Thumbs up for Booker’s Makro takeover

The industry and City appear unanimous in their congratulation of Booker’s CEO Charles Wilson for what some are calling a “masterstroke” in his takeover of Makro.

The cleverness of the £140m deal is in the fact that Booker handed over just £15.8m in cash for Makro’s 30 depots. The rest of the money goes to Makro’s former parent company Metro in the form of Booker shares worth £124m.

As one industry insider put it: “For very little outlay, Booker has now got 30 big depots, all in good locations, all that stock and goodwill and most of Makro’s supply chain will fit straight into Booker’s network.”

The question now on everyone’s lips is, what does Wilson intends to do with all that extra space? Makro’s depots are around three times bigger than the average Booker outlet, currently with a much larger range of non-food.

Booker has the choice of continuing Makro’s expertise in non-food and investing much more heavily in online trading, or vastly expanding its fmcg offer.

Philip Dorgan, analyst at City firm Panmure Gordon, told Wholesale News that whatever Booker decided to do, he wasn’t expecting any major announcements until interim results in six month’s time, adding that Wilson wasn’t likely to jump in with both feet, but instead taking stock of the business.

Whatever Wilson decides to do his task will be one of turning Makro’s negative operating margins around to at least match those of Booker at 2.3%. “Makro shouldn’t be running on negative margins,” said Dorgan. “It’s got a freehold property estate, tobacco only makes up 14% of sales (unlike Booker’s 30%) and it has more non-food. Booker’s job will be to use that potential for cross-fertilisation of the two businesses to make cost savings and create revenue growth.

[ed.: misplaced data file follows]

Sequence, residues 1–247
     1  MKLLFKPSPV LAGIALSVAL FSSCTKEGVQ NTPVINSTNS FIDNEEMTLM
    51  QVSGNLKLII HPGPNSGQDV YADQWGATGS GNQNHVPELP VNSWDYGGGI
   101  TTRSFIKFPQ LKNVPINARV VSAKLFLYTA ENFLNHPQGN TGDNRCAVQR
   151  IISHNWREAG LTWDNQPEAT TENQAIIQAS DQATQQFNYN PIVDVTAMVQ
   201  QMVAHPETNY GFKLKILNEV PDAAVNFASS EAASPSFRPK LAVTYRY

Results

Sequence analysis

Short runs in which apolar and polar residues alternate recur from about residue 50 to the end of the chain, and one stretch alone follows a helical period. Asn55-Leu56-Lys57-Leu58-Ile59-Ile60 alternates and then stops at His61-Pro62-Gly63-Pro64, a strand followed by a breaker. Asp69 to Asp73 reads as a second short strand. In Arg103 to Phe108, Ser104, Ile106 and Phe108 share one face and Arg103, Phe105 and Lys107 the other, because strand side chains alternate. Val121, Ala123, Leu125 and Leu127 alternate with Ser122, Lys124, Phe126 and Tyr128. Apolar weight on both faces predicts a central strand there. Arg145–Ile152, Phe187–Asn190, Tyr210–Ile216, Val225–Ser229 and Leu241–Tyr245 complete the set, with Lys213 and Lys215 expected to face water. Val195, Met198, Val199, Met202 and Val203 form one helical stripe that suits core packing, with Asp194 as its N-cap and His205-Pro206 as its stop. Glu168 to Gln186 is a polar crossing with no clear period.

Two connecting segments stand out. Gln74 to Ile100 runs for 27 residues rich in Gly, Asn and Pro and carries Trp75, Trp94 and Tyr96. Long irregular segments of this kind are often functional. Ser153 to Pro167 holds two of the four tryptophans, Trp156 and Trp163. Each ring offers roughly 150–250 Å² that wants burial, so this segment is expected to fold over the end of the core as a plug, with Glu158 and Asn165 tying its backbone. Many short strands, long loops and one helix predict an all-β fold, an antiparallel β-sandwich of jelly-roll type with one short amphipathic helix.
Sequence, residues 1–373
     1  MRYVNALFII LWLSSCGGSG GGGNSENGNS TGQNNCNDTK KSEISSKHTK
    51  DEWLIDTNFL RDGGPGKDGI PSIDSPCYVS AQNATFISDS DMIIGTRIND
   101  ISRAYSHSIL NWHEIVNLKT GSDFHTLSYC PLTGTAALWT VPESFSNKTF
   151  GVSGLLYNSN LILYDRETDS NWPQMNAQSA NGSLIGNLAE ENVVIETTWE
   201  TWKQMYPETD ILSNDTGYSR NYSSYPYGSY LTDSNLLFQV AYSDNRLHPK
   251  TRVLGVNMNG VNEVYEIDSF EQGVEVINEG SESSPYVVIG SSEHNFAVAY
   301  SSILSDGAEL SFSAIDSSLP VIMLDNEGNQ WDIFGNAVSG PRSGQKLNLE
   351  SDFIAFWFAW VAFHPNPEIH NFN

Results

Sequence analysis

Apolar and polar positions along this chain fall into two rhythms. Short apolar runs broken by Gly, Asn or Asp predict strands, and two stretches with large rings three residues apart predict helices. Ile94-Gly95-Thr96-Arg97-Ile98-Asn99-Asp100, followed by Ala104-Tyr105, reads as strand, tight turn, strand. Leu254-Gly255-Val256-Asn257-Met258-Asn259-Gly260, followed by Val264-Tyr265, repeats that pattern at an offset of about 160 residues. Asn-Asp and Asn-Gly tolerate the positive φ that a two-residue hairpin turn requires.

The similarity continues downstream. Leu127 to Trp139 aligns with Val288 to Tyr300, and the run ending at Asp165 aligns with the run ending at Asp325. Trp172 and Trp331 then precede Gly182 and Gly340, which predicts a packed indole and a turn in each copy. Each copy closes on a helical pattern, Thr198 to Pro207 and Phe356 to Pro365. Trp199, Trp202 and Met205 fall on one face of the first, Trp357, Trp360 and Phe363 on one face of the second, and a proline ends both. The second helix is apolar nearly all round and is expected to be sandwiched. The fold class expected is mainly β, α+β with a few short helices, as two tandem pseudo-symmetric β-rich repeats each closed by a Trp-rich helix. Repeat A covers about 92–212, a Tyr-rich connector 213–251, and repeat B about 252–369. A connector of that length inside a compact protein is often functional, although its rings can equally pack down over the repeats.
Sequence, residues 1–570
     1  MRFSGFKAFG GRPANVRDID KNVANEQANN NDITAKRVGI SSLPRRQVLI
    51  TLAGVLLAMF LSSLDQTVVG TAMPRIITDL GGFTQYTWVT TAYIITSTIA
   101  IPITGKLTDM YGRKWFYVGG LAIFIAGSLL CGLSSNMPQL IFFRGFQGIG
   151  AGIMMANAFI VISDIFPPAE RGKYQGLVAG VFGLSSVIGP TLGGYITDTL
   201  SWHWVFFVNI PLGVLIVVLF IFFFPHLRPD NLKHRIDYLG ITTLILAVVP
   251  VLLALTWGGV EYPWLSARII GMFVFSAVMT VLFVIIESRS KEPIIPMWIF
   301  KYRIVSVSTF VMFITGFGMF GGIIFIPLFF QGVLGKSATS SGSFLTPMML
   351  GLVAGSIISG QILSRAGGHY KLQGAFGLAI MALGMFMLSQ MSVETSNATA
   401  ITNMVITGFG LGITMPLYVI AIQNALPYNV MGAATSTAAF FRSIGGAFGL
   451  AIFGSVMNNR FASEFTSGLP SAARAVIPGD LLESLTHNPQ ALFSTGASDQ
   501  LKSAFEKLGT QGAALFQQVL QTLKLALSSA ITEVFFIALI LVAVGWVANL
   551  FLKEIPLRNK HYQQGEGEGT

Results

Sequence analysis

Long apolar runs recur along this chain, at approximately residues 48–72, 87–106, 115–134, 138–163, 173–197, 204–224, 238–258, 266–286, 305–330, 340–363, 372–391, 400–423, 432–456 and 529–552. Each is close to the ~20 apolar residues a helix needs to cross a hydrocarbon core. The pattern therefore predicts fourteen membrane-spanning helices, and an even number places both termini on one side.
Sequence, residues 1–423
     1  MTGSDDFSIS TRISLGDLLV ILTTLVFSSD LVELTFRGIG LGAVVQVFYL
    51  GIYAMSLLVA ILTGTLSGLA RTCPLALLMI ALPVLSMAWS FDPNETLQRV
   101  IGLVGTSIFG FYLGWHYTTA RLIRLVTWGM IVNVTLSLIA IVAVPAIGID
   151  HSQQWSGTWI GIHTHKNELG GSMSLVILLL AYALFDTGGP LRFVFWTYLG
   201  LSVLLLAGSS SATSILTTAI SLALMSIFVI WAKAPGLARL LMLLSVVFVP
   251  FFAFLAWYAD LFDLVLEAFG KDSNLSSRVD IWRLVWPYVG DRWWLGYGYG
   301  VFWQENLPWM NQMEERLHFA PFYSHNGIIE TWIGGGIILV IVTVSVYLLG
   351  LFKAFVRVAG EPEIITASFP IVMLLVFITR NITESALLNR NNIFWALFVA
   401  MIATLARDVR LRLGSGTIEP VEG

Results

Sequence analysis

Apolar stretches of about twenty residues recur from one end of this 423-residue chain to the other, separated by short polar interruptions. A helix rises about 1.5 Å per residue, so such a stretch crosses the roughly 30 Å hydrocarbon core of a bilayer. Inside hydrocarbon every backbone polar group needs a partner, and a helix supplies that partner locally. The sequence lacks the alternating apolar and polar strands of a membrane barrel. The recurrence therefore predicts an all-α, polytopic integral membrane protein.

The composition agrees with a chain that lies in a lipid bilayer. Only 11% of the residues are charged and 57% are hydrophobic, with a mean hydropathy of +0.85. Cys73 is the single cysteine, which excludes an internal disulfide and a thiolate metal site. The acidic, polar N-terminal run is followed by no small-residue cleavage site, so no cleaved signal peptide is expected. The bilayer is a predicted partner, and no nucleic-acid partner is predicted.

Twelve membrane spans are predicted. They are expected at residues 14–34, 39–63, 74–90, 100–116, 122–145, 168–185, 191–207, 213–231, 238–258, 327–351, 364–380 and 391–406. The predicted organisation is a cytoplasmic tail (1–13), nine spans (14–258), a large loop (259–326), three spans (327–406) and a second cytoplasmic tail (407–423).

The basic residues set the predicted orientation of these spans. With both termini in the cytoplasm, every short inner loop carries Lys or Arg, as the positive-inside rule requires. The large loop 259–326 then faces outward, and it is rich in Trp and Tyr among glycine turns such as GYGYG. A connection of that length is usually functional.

However, the head of another major wholesale group disagreed that Wilson would bide his time. “Booker is operating at a profit and if Wilson doesn’t act swiftly Makro’s poor trading will eat into that. He can’t afford to wait. ‘‘Through some simple strategies he managed to turn Booker around. Makro has been in a mess for a few years and I think Wilson will have a masterplan that move a bit quicker than that.”

Just the week before Booker had boasted improved customer satisfaction and a 22,000 rise in customer numbers as it posted end-of-year results showing a 27% rise in pre-tax profit to £90.8m for the 53 weeks ending March 30, 2012.

The group posted total sales for the period of £3.9bn – an increase of 9.4%, breaking down the rises to: non tobacco 5.1%; tobacco 7.8%; foodservice 6.1% and retail 6.1%. Overall like-for-like sales for the comparable 52 weeks grew by 6.1%.

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